This is what occurred when Senate Republicans refused to vote on Merrick Garland’s Supreme Court docket nomination

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Senate Majority Chief Mitch McConnell mentioned in a Friday evening assertion that President Donald Trump’s nominee to exchange Ginsburg will get a vote within the Senate. Doing so could be an entire reversal of his place in 2016, when the GOP-led Senate refused to carry a listening to or vote on then-President Barack Obama’s nominee, saying it was too near the election.
Justice Antonin Scalia, who had been a conservative stalwart on the Supreme Court docket since being nominated by then-President Ronald Reagan in 1986, died on February 13, 2016.

Inside hours — as different senators had been providing condolences to Scalia’s household — McConnell issued a shocking, categorical rejection of Obama’s authority greater than 11 months earlier than the Democrat’s substitute could be sworn into workplace.

“The American folks ought to have a voice within the number of their subsequent Supreme Court docket Justice. Subsequently, this emptiness shouldn’t be crammed till we’ve got a brand new president,” McConnell mentioned.

The ‘Biden rule’

Different main Republicans adopted McConnell’s lead. A cause they ceaselessly cited: What they referred to as the “Biden rule.” Joe Biden had mentioned in a 1992 Senate ground speech — when there have been no excessive courtroom vacancies to fill — that “as soon as the political season is underneath manner, and it’s, motion on a Supreme Court docket nomination should be postpone till after the election marketing campaign is over.”

McConnell by no means backtracked, regardless of Democrats’ hopes that he would face political stress to take action. On February 23, every week after Scalia’s loss of life and earlier than Obama had nominated his substitute, McConnell mentioned in a speech on the Senate ground that no Obama nominee would obtain a vote.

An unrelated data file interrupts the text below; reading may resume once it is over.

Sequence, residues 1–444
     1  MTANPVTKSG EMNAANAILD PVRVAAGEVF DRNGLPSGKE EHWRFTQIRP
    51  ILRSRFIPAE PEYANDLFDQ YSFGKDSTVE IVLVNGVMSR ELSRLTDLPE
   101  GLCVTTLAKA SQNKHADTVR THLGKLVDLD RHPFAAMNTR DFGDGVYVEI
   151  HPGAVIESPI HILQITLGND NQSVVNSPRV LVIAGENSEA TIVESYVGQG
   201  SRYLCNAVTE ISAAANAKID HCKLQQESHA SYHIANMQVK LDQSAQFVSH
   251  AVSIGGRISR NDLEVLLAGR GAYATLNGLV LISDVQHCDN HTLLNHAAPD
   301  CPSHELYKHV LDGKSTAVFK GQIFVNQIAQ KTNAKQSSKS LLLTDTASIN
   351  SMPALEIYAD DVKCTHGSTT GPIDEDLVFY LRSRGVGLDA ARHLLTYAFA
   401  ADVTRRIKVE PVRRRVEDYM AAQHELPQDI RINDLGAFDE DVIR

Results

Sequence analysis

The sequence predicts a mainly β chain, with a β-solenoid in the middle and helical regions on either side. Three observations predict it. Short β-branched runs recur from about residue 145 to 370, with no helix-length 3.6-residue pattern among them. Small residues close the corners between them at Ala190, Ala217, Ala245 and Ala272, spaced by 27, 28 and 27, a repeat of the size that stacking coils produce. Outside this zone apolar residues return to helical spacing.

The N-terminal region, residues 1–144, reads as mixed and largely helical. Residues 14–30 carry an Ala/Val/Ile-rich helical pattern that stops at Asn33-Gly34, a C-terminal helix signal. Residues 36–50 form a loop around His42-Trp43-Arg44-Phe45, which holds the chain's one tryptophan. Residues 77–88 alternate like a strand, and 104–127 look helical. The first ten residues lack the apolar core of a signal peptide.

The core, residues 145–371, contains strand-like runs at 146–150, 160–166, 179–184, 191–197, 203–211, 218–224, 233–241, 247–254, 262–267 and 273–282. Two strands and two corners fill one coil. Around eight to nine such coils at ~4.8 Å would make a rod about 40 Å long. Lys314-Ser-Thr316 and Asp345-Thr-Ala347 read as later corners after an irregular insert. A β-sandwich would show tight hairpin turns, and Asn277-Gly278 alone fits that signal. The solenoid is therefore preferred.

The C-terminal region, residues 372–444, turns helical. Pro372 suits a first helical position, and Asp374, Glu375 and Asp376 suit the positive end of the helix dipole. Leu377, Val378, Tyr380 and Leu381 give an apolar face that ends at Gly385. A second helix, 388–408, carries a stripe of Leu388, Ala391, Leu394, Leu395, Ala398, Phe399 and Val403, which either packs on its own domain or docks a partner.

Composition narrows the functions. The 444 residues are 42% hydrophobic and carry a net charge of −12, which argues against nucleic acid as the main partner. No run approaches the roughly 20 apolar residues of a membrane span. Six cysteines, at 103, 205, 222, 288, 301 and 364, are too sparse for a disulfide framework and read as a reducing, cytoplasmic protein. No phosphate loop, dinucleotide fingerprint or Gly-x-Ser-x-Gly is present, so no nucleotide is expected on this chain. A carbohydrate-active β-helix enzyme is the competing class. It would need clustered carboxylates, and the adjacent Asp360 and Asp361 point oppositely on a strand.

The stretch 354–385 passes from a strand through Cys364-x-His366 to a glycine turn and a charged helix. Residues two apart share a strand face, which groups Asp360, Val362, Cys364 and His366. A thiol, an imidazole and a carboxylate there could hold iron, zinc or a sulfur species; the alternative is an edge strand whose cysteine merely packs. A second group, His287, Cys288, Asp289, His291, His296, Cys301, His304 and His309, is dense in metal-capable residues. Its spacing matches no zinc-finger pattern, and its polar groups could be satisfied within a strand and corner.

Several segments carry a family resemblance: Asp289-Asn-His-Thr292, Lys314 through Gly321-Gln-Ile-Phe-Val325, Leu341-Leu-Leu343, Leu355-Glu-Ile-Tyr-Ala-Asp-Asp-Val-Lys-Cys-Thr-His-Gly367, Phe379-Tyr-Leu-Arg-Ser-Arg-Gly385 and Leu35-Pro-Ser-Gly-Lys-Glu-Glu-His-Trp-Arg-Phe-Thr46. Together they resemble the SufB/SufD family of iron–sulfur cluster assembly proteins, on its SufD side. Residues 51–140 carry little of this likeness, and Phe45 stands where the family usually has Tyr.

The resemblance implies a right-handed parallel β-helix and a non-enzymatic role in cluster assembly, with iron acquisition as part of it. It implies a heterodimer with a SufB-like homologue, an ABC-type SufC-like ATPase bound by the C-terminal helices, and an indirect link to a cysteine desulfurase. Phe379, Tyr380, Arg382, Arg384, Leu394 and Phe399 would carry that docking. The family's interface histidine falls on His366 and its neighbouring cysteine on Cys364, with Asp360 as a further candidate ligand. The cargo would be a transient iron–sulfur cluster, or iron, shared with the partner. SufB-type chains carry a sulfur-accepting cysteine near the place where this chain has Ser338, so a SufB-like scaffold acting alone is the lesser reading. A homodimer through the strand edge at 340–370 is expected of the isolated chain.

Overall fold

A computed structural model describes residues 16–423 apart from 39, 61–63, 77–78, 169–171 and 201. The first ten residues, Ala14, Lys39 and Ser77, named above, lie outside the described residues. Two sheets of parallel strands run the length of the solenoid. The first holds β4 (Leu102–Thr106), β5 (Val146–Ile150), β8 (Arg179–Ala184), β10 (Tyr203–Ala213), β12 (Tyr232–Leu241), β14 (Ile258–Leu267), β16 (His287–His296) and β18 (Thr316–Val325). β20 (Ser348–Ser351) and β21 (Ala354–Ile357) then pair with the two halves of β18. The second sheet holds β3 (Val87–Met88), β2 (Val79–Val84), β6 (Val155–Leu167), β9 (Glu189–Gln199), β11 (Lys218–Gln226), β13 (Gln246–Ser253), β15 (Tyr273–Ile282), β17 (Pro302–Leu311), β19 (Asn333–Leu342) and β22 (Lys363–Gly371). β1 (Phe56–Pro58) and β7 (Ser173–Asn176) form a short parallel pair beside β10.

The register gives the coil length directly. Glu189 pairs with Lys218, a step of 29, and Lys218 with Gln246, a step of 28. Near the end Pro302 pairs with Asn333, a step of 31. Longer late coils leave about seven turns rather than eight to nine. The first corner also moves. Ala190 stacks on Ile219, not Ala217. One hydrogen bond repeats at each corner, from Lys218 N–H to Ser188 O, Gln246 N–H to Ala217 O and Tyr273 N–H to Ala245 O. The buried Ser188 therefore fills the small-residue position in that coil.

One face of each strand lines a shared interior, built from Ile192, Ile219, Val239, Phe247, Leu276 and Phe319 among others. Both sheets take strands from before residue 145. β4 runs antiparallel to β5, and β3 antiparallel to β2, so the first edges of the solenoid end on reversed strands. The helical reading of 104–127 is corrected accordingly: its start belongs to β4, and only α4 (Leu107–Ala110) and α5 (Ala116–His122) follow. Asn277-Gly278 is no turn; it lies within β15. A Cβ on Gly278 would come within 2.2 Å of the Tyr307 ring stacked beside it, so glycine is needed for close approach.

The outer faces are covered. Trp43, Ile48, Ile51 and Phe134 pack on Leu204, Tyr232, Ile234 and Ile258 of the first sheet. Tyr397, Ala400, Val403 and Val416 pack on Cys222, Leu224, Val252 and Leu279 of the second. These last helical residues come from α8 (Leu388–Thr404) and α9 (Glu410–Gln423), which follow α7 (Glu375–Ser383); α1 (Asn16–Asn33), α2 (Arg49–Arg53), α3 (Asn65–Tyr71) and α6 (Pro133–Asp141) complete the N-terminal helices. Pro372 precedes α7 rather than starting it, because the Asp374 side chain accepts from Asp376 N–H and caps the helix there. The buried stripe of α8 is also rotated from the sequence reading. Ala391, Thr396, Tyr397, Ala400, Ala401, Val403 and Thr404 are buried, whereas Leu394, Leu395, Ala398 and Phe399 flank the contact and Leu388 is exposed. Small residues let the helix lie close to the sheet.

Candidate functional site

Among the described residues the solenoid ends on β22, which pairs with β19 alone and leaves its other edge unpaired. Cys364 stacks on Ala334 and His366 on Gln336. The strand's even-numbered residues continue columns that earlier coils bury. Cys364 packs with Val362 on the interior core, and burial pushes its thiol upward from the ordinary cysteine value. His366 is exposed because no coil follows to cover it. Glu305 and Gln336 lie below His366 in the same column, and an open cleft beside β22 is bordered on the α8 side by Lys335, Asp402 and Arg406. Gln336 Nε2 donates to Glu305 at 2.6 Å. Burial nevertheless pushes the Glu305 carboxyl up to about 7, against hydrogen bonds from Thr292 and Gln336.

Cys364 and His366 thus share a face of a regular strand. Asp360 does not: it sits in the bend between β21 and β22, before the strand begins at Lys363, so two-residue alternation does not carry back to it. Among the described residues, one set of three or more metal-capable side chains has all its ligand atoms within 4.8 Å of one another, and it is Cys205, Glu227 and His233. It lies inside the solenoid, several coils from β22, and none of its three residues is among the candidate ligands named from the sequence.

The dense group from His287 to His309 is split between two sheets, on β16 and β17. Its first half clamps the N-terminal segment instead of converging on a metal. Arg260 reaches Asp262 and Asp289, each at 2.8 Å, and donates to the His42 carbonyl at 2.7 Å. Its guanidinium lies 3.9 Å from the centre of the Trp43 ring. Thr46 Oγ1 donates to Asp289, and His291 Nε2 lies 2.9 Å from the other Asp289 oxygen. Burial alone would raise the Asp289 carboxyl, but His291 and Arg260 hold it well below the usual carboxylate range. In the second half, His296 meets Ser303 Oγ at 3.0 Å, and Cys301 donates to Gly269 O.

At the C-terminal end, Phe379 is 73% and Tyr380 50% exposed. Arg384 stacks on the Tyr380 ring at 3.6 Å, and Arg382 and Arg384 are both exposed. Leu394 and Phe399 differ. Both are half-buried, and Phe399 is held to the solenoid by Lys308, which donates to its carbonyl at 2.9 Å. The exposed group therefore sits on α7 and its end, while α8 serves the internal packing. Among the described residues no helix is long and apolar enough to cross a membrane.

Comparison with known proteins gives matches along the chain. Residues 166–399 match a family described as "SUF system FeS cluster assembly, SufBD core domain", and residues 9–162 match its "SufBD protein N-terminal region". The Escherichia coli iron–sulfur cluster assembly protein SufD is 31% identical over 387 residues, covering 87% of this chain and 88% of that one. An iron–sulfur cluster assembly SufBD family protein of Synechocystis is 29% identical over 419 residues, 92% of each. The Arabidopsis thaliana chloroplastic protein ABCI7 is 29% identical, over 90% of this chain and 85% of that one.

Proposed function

“Presidents have a proper to appoint, simply because the Senate has its constitutional proper to supply or withhold consent,” the Kentucky Republican mentioned. “On this case, the Senate will withhold it.”

GOP members of the Senate Judiciary Committee that day signed a letter to McConnell saying they might refuse to carry hearings on any Scalia substitute till after a brand new president took workplace on January 20, 2017. Many Republicans cited the “Biden rule.”

Obama picks Garland

Within the ensuing weeks, Obama cast forward, ignoring Republicans’ insistence that no nominee would obtain a listening to or a vote and selected Garland on March 16. His calculation was {that a} long-time jurist — Garland, then 63, was the chief decide on the US Court docket of Appeals for the District of Columbia Circuit — who was revered by each events and had been beforehand confirmed by the Senate could be troublesome to show away.

“I hope they’re truthful,” Obama mentioned of Senate Republicans within the Rose Backyard as he introduced Garland was his selection. “That is all. I hope they’re truthful.”

Republicans do not budge as Garland clock ticks

However Republicans didn’t budge, making clear on the day Garland was nominated that their place had not modified and he wouldn’t obtain a vote.

“I feel properly of Merrick Garland. I feel he’s a effective individual. However his nomination doesn’t in any manner change present circumstances,” then-Utah Sen. Orrin Hatch mentioned on the time.

By way of the summer time and fall, Senate Republicans continued to behave as if no Supreme Court docket emptiness existed and no nomination had been made. On July 20, Garland broke the 100-year-old report of 125 days for the longest hole between a Supreme Court docket nomination and affirmation.

Supreme Court docket exercise slowed drastically. The courtroom — conscious of potential 4-Four splits — was reluctant to tackle new instances.

Court docket turns into election flashpoint

The GOP’s refusal to behave on Obama’s nominee turned the Supreme Court docket right into a key political subject in November’s normal election between Donald Trump and Hillary Clinton. Trump on Could 19, 2016, launched an inventory of potential Supreme Court docket nominees — an inventory formed by conservative allies and geared toward soothe Republican voters’ considerations over whether or not he would nominate right-leaning judges. The promise of anti-abortion, pro-gun rights and anti-LGBTQ rights judges motivated spiritual conservatives who may need had misgivings about Trump’s character.

Lower than two weeks after taking workplace, on January 31, 2017, Trump nominated Neil Gorsuch to fill Scalia’s former seat on the Supreme Court docket. The Senate, the place Republicans maintained a majority after the 2016 election, confirmed Gorsuch lower than three months later, on April 7, 2017.

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